The allegations, however, have not gone away. Case, a white banker who heard "hushed rumors" of the killings while growing up near the base, told The Washington Post that the Army's records "have been falsified." Meanwhile, the NAACP retrieved declassified government documents, interviewed local officials and reviewed sworn depositions from individuals corroborating Case's account--presenting it with a compelling and disturbing picture.
In May 1943, the 364th infantry division was transferred to Camp Van Dorn from Phoenix, Ariz. Their reputation preceded them: the Army said they'd been involved in a "race riot" at their previous base. Military documents and soldier letters from the period show that the situation was tense from the start. Heavy restrictions were placed on the soldiers' activities and movements by their white superiors, and white citizens in the neighboring town of Centreville were hostile. In the letters, soldiers complained of regular, unprovoked harassment and beatings by MPs and local law enforcement. On May 30, Private William Walker was shot dead by the county sheriff. According to fellow Private Irwin Wiley, two MPs stopped Walker in town for having a missing button on his shirt sleeve. One of them "proceeded to attack the soldier" but ended up "getting the worst of the battle." When the sheriff arrived, the MP told him to "shoot this nigger." He did, at point-blank range.
Confidential documents filed a week after the shooting by Major Gen. Virgil Peterson, an Army investigator, give a different account. The improperly uniformed Walker assaulted the MP, according to Peterson, and "was attempting the take his pistol when the county sheriff arrived on the scene." Walker "refused to halt when ordered to do so" and lunged at the sheriff, causing him to shoot.
Peterson also reported that the soldiers of the 364th were responsible for a rash of disturbances, including boisterous behavior, disobedience to their superiors and burglary of an ammunition dump. He went on about their "profane, disrespectful and threatening conduct," characterizing them as a "dangerous and thoroughly undisciplined unit" and the situation at the camp as "mutinous." Rather than reward the troublemakers by transferring them again, Peterson said, a "drastic and yet untried" approach should be taken to ensure that "all tendencies toward mutinous conduct are suppressed."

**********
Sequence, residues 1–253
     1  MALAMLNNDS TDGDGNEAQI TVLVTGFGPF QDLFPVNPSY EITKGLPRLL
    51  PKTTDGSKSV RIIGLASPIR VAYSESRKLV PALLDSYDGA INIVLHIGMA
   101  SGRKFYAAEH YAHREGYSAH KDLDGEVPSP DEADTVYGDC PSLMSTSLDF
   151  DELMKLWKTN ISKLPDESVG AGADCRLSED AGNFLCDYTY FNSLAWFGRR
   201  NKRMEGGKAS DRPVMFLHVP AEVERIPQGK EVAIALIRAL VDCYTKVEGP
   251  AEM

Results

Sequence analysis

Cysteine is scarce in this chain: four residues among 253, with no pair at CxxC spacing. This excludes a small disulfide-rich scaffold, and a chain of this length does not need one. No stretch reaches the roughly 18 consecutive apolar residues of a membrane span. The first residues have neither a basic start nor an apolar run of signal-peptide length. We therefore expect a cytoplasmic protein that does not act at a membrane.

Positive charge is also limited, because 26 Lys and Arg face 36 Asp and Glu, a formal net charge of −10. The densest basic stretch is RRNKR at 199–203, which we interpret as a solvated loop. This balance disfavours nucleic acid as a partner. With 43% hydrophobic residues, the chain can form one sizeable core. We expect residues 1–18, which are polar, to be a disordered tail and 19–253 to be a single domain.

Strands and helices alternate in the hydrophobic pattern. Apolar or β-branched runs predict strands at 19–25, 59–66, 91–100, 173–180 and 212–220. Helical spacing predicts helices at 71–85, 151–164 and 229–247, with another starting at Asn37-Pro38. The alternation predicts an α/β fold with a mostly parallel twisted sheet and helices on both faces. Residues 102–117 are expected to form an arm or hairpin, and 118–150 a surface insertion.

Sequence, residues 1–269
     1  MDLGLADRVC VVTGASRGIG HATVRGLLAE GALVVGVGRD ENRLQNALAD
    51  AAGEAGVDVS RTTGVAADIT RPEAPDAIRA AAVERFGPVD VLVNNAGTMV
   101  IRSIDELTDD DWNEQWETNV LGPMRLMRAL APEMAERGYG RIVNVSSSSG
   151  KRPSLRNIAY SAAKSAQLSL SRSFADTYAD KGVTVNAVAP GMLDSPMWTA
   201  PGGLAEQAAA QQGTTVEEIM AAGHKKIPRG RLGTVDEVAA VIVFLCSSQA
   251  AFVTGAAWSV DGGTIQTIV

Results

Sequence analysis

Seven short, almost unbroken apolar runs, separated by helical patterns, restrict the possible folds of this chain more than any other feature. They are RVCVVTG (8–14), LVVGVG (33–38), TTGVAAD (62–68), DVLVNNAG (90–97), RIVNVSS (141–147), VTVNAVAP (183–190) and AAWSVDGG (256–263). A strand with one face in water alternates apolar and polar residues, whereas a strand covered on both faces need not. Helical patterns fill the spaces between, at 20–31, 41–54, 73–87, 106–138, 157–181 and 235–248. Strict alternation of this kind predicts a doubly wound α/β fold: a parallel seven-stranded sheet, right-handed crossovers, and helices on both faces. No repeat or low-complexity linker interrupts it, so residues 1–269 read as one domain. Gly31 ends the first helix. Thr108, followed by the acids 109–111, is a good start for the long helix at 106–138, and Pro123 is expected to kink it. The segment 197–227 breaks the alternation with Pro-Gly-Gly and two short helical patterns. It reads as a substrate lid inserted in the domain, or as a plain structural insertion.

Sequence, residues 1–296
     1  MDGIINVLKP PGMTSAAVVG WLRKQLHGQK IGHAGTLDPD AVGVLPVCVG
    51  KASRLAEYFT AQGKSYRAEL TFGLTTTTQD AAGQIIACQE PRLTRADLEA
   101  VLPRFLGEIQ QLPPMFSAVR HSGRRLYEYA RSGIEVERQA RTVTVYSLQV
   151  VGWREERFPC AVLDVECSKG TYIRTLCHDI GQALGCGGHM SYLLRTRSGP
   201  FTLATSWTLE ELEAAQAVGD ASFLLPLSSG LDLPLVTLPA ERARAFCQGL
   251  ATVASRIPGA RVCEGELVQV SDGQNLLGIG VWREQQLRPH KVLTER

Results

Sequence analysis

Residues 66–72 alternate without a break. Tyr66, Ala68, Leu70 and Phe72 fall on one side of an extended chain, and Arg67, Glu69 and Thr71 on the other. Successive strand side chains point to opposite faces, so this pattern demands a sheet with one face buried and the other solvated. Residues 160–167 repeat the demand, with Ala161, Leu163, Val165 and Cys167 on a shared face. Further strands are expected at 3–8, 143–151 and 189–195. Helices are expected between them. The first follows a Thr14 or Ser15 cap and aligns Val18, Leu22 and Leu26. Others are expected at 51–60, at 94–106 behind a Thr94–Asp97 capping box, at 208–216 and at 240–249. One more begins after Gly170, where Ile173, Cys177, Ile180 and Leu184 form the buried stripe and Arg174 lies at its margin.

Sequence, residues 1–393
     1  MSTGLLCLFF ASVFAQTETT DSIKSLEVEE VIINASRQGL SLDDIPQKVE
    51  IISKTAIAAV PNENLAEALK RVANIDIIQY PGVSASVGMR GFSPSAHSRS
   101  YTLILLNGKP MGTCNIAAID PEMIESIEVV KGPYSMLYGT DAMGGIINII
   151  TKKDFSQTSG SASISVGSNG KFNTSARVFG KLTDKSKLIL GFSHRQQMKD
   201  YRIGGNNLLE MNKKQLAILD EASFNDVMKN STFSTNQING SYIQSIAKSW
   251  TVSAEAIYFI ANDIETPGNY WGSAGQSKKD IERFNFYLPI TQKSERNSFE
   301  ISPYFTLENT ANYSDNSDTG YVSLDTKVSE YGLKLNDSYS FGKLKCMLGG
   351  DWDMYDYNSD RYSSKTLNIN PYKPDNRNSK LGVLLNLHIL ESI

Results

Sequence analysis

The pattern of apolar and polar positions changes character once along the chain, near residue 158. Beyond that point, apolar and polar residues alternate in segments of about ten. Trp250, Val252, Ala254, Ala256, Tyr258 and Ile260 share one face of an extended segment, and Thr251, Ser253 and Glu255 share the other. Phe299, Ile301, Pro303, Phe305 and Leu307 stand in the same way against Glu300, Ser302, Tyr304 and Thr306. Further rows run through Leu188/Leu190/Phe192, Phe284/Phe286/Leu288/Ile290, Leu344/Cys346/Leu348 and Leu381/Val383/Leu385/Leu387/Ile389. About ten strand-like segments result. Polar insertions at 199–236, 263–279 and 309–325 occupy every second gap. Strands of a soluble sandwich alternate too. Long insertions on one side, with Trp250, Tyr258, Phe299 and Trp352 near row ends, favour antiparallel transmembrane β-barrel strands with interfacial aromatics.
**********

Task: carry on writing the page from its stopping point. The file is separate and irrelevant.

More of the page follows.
In 1985, a former MP named William Martzell told Case how, on a fall night in 1943, white troops and MPs surrounded the 364th's barracks, sealed off the area, and "opened fire on everything that moved. It was like shooting fish in a barrel." Martzell and other witnesses said the bodies were loaded into rail cars, taken to the edge of the camp and buried in trenches that were subsequently covered by a man-made lake and dam. At war's end, the camp was closed and reverted to private ownership, and the site of the alleged atrocity was cut off from public access.
Hundreds of soldiers were killed that night in May, Case concluded, and others died in incidents off the base throughout 1943. Army officials at first told NAACP representatives that black-white relations on the base were "harmonious," but when the Army issued its report in 1999, it acknowledged a number of off-base shootings and a race riot in the summer of '43, though with no reported deaths. The official records from the critical period July-to-November of that year are listed as "missing." Case's website is www.TheSlaughter.com to see his evidence.